BOSTON (Reuters) - Bank of America (BAC.N) and ACF Industries have sued Steel Partners accusing the activist hedge fund committed fraud by not properly advising investors of its plans to go public, according to court documents.
Steel Partners is trying to turn its largest portfolio into a publicly traded partnership.
The lawsuit charges that the hedge fund was not in compliance with its obligations to investors as it pursued its plan to become a publicly traded partnership because it failed to give ample notice of the plan or an opportunity to vote on the proposal.
The lawsuit was filed in Delaware Chancery Court on Tuesday, and Reuters obtained a copy on Wednesday.
Bank of America, acting as master trustee for ACF Industries’ employee benefits plan, charged that Steel Partners and its manager, Warren Lichtenstein, “pulled off a classic ‘bait and switch’ by stripping investors of what they had purchased and replacing it with something entirely different.”
ACF, a manufacturer of railcars and railcar components, and, according to the documents, affiliated with billionaire investor Carl Icahn, invested $15 million in 2005 with Steel Partners Offshore Fund Ltd, which became Steel Partners II (Offshore) Ltd.
Bank of America referred calls to attorney Keith Schaitkin at Icahn Associates, who referred Reuters to the court documents.
Steel Partners said it does not believe the lawsuit has any merit.
“We intend to vigorously contest it in court in order to protect the interests of the Partnership and all of our investors,” the firm said in a statement.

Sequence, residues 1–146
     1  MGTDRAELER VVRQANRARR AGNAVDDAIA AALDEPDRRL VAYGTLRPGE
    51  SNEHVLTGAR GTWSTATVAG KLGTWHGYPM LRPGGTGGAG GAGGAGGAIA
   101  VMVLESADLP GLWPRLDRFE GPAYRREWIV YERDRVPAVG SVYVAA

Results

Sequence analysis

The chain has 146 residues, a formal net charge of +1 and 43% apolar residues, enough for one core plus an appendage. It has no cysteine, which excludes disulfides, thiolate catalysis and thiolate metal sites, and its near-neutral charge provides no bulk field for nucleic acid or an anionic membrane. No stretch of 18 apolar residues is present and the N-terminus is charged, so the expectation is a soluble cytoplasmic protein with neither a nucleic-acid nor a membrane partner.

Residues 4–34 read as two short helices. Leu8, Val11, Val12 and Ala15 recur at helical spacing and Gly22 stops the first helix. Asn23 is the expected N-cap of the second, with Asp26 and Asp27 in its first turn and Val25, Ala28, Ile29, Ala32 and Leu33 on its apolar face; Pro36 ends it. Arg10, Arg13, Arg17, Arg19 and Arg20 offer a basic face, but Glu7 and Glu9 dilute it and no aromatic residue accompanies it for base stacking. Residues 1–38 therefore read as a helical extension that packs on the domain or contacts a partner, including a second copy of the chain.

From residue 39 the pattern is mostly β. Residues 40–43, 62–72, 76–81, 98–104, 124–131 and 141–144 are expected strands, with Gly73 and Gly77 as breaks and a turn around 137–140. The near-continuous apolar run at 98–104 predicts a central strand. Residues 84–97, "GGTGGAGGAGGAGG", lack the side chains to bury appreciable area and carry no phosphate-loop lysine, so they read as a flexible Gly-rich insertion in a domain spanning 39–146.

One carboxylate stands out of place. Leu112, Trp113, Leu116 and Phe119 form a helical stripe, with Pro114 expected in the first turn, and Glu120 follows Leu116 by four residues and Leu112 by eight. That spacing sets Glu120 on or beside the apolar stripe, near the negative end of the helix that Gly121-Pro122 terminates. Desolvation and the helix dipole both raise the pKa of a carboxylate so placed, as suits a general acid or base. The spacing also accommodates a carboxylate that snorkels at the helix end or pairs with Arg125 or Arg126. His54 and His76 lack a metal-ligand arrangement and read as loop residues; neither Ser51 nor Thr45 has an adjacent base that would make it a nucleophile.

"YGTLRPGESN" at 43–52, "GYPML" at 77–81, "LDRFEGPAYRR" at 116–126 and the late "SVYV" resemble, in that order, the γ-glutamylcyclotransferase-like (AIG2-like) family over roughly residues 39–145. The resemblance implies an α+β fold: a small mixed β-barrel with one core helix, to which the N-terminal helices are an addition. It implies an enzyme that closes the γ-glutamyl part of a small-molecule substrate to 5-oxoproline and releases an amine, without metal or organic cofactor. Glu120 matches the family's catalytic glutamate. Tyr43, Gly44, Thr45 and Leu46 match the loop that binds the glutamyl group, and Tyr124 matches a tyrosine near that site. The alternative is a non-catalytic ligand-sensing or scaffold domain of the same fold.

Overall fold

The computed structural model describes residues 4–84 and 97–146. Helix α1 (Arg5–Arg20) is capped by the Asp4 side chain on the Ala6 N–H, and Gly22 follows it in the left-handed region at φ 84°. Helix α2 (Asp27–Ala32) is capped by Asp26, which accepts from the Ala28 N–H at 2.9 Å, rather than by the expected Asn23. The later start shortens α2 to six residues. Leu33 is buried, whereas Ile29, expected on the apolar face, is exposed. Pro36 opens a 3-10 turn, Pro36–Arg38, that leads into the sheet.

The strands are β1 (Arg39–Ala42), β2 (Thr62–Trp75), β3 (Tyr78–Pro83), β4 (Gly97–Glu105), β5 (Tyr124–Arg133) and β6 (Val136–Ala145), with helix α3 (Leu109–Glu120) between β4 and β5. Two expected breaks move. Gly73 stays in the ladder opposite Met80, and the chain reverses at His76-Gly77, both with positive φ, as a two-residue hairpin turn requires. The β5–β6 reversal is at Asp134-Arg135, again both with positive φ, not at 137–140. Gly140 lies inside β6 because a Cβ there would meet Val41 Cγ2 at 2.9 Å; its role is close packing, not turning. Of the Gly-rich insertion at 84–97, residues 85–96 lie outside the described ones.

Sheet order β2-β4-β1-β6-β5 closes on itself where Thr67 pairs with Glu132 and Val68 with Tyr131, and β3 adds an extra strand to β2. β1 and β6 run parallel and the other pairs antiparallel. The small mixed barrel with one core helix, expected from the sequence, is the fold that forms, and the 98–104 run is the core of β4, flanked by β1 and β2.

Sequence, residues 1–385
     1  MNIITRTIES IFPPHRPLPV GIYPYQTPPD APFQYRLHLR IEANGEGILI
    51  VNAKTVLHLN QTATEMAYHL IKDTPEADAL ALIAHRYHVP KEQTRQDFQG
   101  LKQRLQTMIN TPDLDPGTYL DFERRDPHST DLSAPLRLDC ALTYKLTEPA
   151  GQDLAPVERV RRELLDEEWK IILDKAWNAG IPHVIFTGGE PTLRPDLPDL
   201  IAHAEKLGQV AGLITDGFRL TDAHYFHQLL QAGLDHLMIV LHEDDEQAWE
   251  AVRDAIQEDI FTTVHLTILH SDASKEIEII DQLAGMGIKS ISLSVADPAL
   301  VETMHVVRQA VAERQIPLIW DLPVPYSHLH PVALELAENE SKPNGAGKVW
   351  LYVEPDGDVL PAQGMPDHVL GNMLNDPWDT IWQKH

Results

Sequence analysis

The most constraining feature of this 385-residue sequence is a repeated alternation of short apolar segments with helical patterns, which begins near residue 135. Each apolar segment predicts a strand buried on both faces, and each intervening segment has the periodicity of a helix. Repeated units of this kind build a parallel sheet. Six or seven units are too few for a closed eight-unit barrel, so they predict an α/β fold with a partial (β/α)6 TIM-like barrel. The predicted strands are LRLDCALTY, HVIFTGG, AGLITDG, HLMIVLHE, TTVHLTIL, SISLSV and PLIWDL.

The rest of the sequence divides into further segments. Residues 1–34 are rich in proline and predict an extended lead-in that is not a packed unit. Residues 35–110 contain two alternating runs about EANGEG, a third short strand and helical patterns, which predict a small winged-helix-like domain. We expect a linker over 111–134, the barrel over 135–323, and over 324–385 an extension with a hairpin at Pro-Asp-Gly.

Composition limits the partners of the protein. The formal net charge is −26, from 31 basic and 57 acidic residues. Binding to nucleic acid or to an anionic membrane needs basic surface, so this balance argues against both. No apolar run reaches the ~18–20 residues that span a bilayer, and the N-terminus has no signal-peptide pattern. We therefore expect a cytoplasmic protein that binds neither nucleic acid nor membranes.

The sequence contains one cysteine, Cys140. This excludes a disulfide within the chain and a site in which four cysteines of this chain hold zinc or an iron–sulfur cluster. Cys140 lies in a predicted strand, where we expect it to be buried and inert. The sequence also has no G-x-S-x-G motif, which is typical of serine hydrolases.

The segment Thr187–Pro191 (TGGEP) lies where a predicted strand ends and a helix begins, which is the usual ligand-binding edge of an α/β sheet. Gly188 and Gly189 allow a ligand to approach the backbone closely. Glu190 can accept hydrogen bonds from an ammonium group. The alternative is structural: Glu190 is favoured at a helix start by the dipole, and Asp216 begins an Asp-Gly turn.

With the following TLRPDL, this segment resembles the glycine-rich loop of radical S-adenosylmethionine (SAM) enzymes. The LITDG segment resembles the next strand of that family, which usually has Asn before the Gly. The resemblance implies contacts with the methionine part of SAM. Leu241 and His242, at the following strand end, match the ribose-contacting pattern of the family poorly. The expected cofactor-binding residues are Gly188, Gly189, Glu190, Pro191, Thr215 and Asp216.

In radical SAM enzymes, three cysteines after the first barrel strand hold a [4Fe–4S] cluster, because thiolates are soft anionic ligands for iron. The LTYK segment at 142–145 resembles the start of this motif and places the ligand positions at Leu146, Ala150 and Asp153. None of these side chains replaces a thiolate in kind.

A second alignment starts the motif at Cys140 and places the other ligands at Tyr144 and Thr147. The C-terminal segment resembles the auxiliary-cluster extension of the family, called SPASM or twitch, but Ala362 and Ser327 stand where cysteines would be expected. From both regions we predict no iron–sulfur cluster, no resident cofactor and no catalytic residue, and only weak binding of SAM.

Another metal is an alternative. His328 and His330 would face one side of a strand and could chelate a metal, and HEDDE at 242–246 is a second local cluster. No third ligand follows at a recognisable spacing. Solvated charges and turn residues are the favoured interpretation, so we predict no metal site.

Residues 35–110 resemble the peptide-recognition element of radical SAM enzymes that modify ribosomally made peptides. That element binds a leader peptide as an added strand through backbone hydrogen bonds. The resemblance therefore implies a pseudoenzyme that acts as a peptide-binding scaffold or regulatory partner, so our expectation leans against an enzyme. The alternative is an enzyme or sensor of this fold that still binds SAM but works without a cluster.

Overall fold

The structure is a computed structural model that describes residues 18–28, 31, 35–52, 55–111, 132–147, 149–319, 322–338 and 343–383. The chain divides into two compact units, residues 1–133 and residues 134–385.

The court documents said that while Lichtenstein had originally promised to invest in cheaply valued small companies and put no more than 25 percent of the fund’s assets into illiquid investments and special situations, he acknowledged in December that things had changed.
According to the lawsuit, 38 percent of Steel’s investors demanded their money back late last year in the wake of heavy losses, but Steel Partners suspended redemptions.
The lawsuit said that instead of selling assets to raise cash to meet clients’ demands for their money, Lichtenstein planned to turn the portfolio into a public company to deal with withdrawal notices.
The lawsuit said Lichtenstein spoke with Icahn on December 24 about “his plans for the Fund and how to satisfy the redemption requests.”
Lichtenstein told Icahn there would be advance notice of the proposed plan and meetings with investors in early January and that no action would be taken to implement the plan until February at the earliest, according to the documents.
The lawsuit also claims that by December 31, the Fund had transferred all of its investments to a non-SEC reporting ‘public’ shell company and that all of this had been done “without the knowledge and consent of investors.” (Reporting by Svea Herbst-Bayliss; Additional reporting by Megan Davies in New York; Editing by Toni Reinhold, Leslie Gevirtz)